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Virology Week 4 Notes

by: Anastassia Erudaitius

Virology Week 4 Notes BIOL 123 001

Anastassia Erudaitius

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These notes cover what Dr. Rao discusses in lecture
Dr. Rao
Class Notes
UCR, Lecture, Virology, 123, BIOL
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This 10 page Class Notes was uploaded by Anastassia Erudaitius on Sunday April 24, 2016. The Class Notes belongs to BIOL 123 001 at University of California Riverside taught by Dr. Rao in Spring 2016. Since its upload, it has received 11 views. For similar materials see Virology in Biology at University of California Riverside.

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Date Created: 04/24/16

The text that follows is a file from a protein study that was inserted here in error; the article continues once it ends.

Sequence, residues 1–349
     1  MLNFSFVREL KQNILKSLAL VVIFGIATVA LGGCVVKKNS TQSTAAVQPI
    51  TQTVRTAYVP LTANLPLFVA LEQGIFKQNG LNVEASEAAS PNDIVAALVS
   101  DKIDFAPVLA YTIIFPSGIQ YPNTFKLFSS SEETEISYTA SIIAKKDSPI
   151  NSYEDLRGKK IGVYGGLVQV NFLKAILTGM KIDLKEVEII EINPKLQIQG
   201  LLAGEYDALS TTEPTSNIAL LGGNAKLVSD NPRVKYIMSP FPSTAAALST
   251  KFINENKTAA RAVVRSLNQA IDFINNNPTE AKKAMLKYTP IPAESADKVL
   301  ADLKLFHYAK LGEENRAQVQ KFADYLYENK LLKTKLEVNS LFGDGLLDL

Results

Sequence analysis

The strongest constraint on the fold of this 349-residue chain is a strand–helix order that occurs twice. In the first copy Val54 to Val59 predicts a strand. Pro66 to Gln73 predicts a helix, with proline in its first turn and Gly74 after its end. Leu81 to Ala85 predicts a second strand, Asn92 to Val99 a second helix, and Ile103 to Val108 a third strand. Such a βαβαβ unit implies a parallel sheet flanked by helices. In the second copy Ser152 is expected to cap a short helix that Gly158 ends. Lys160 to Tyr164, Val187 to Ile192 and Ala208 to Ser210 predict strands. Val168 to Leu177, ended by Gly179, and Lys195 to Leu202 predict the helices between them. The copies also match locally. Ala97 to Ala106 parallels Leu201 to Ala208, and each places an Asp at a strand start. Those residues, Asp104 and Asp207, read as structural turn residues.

Virology Lecture 4/18/16  HIV has a very unique history compared to other viruses  History o Relatively new virus – discovered in 1980s o This virus was discovered in homosexuals o All of the patients were suffering from immune deficiency  Once your immune system is down you can get fungal infections, viral infections, and bacterial infections o 26 homosexual men had Sarcoma o 5 homosexual men had PCP o Because these diseases were exclusively associated with homosexuals the name GRIDS was given to the disease o Found other people contracting the disease  Hemophiliacs – blood cannot clot  IV drug users  All the children born to the IV drug users who had the disease, also had the disease  Evidence that HIV is not restricted to homosexuals o Initially thought the disease was blood-borne and sexually transmitted o 1982 – two types of groups working independently  one in U.S. the other in France o A lot of dispute over who first discovered the virus  The disease caused by HIV is AIDS o This is probably the only known case where the disease name is different from the virus o AIDS is not the virus it is the disease!  Determined that the virus existed in 1950 as well  The mean age of patients infected are 37  More males infected than females  Once a person develops AIDS many opportunistic infections result  All patients infected with HIV died 1 month to 6 years after the initial manifestation of the disease AIDS o Based on the first symptoms and when the person died  Many factors involved in how long a person infected with AIDS will live  Case of Robert R o Patient had intense welling of lymph nodes in neck o Very unusual symptoms o The virus didn’t initially exist in the human population  Blood transfusion is one of the means of getting HIV  Researchers found out that a similar virus existed in monkeys in Africa  SIV (Simian Immunodeficiency Virus) o The SIV virus however does not affect the monkeys o Another strain found in chimpanzees  A lot of research experiments done on mice and on monkeys  Did the simian virus infect humans? o Hypothesized that the virus did pass from primates to humans o Hunters of chimpanzees might cut themselves while preparing chimpanzee meat, and then became infected o Food would get contaminated as well (chimp head near bananas)  but the virus is not transmitted by eating!! Only by blood  so if you touched food with blood on it and had a cut or wound then you could get infected  Usually cooking the food kills viruses  We know that many viruses can cross species (originally not a human pathogen, came from animals to humans) o Anthrax o Bubonic plague o Avian flu o Mad-cow disease o SARS  Influenza infects more people (because of the way it spreads)  but immune system isn’t infected so you can fight the infection  HIV attacks your immune system  After discovering the virus in 1980 researchers discovered how the virus spread o Initially they thought it was spread through simple physical contact (shaking hands)  Immigrants are screened for HIV  Education has reduced the spread of the virus Virology Lecture 4/22/2016  The global position of the HIV crisis – 35.3 million people currently living with AIDS  Infections mainly come from Africa – lack of education, lack of sanitation  Major cause of HIV transmission is sexual contact o Next major cause is pregnancy and childbirth, and breastfeeding  Some of the viruses are found in the breastmilk o Next is injection drug use o Following that is occupational exposure o The least common way of transmitting the disease is blood transfusion  Most of the time blood transfusions are taken from family members o Most common form of HIV transmission from left to right (least common)  HIV doesn’t have any specific or unusual symptoms  symptoms often appear to be flu-like o Within 1 – 4 weeks of exposure, infected persons show flu-like symptoms  1/6 people could have HIV, because HIV doesn’t show symptoms you may not know you have HIV  1 in 4 people – infections in youth  You can see how the disease is distributed across the U.S. (2011)  Usually HIV infected people survive for 1 – 6 years after infection o Magic Johnson is an exception  HIV is NOT transmitted by insects  There are drugs to prevent exposure (PREP)  Some drugs help prevent after exposure (PEP)  One of the major sources of HIV contamination – adult film industry  Another major source of HIV contamination – correctional facilities  11%-17% of people living with HIV are 50+ years old  24-30% of men and women ages 60-74 report they are sexually active  Three phases of clinical symptoms o Within first 30 days HIV RNA is detectable , It takes almost a month to detect antibodies because the virus is not active soon after infection o Asymptomatic phase – the virus is in a really active state, but the person still does not show any symptoms of HIV – can last for 10 years o AIDS stage – patient will die within 2-3 years without treatment  The lymphocyte counts decrease to 50cells/microliter  At this point opportunistic infections result  Wasting syndrome – person will start drastically losing weight  The person is susceptible to many different infections o Any part of the body can get infected o Even before AIDS can fully develop, if a person gets a serious opportunistic infection they can die  AIDS dementia o Impairment of cognitive reasoning o Behavior changes o Sometimes when you get flu, you get so weak because your energy is so depleted  that can change your behavior too  When a person is infected the only way you can check if they are infected is by how many viruses are being made within the person o You can measure how many given virus particles are there per microliter of blood o Every person is different in their immunity  in some people the virus can replicate very rapidly, while in others it can replicate very slowly  Many drugs have been made o AZT – prevents the conversion of RNA to DNA  so DNA cannot get integrated into your chromosomes, but it is normal that people can develop resistance to any drug  People started to develop resistance to AZT o HAART – Highly Active Retroviral Therapy – mixture of three drugs, one is to block HIV reverse transcriptase, another inhibits protease activity (as a result the virus cannot assemble into mature virus), the other prevents the integration of the viral genome into the host chromosome (blocks integrase) o Fusion inhibitor prevents virus from fusing with the cell membrane so the virus cannot enter the host cell o All these drugs are used to attack the virus at different stages (attachment, assembly, etc.)  These drugs are not accessible to everybody because they are so expensive  To control viral diseases, a vaccine is the only way to actually cure a disease  A vaccine is nothing but a substance (like a protein) that the body recognizes and starts producing antibodies as a result, so that when a virus enters the body the antibodies are present to attack the virus  We need a vaccine because many of these major viruses have been cured only with the help of vaccines, not with drugs  Vaccines can only provide a successful cure  HIV vaccine is essential o Even a partially effective AIDS vaccine could save millions o HIV vaccine will not depend on consent of both sexual partners  Who are mostly affected/vulnerable to HIV/AIDS o Homosexuals o African Americans o Hispanics/Latinos  Conducted studies of HIV vaccine o Mixture of two antibodies o Must determine that the vaccine is successful and protects a wide range of people o Takes years to develop a vaccine o Some people may have extremely high immunity  it is possible that some person may even be completely immune to HIV o Vaccines can protect monkeys from SIV  Took 47 years to develop a polio vaccine  First they have to discover what criteria needs to be used to develop a vaccine  Must have human volunteers to test vaccine  A person will not get HIV from an HIV vaccine o Only inactivated viruses Virology Lecture 4/20/16  Oncogenic – causes tumors/cancers  HIV – Lentivirus (cone-shaped)  These retroviruses look like icosahedrals, but inside the entire capsid has a different shape depending on what the virus is  Inside the cone-shaped structure, HIV has 2 copies of the same RNA o No other viruses have 2 copies of the same RNA  Reverse transcriptase and integrase encoded  HIV-1 vs HIV-2 o Must enter through blood, or sexual transmission o HIV-1 is more prevalent throughout the world o HIV-2 present most often in Africa  HIV-2 is less easily transmitted than HIV-1  HIV-2 develops very slowly  Mother to child transmission is very rare with HIV-2  HIV targets the immune system (CD4)  Virus is extremely difficult to control because it attacks the immune system  the body cannot fight even minor infections  People do not die from HIV, they die from other infections because their immune system is compromised  HIV is not easy to treat with drugs  Treatment is expensive, and not readily available, and has side effects  Influenza has vaccinations available before flu season, but there are no drugs or vaccines that can protect you from getting infected with HIV  HIV is very unstable – once the virus leaves the host (blood on floor), the virus will die  You need a lot more virus particles to initiate the infection  Cannot be transmitted by air, water, food, contact, insects o ONLY transmitted via blood and sexual contact  Easily broken down by soap and antiseptics o This is very different from polio which is extremely stable and cannot be broken down by acids  10 Viral Replication Steps o This virus has a couple extra steps compared to other viruses because it has a DNA intermediate  Attachment o Very specific receptor cells on the virus (glycoprotein receptors)  HIV has co-receptors as well  CD4 main receptor  Co-receptors are CCr5 and CXCr4  Polio virus only has one receptor  sialic acid  T-cell uses CxCr4 receptor  Macrophages – any foreign material that comes is engulfed and killed  Macrophages use Ccr5 receptor  Once the virus is established and starts replicating very heavily a new virus species will develop (because a lot of RNA mutations will result  RNA Pol doesn’t have any proofreading mechanisms)  RNA Pol makes a lot of mistakes  in each round of replication 4 mutations are introduced  This means new viruses are being produced once HIV infects a host  Cell makes one large polyprotein  Integrase integrates the viral DNA into the host DNA  Every protein that is required for every stage is readily available for the virus once it is released into the host  Although RNAs are messenger sense, once they get released they do NOT get translated  they do NOT serve as mRNAs  this is a unique feature of HIV  Binds and penetrates using endocytosis  HIV has two RNAs, and it also encodes/packages tRNA from the cell o tRNA acts as a primer for RNA to get copied into DNA  Steps o Virus binds to the membrane, by endocytosis, and eters the cell o The RNA is used as a template to make +ssDNA o Now you have an RNA-DNA hybrid/copy o RNase H activity – specifically cleaves the RNA at certain places  Each piece functions as a primer o In the next step dsDNA is made o Once dsDNA is made, the virus carries integrase, takes the DNA to the nucleus, and ligates into the host chromosome o Using DNA Pol the dsDNA gets transcribed into RNA (HIV RNA) o The new viral RNAs are transcribed from the dsDNA integrated in the chromosome o Now that new RNAs are made they exit the nucleus, and enter the cytoplasm and gt translated  For TMV only one virus particle is needed to infect  For HIV many virus particles are needed to infect o But that is not a limiting factor because it is able to make so many  If you want to inhibit entry you need to inhibit ALL particles  if just one particle enters it will replicate into many  Protease inhibitors  once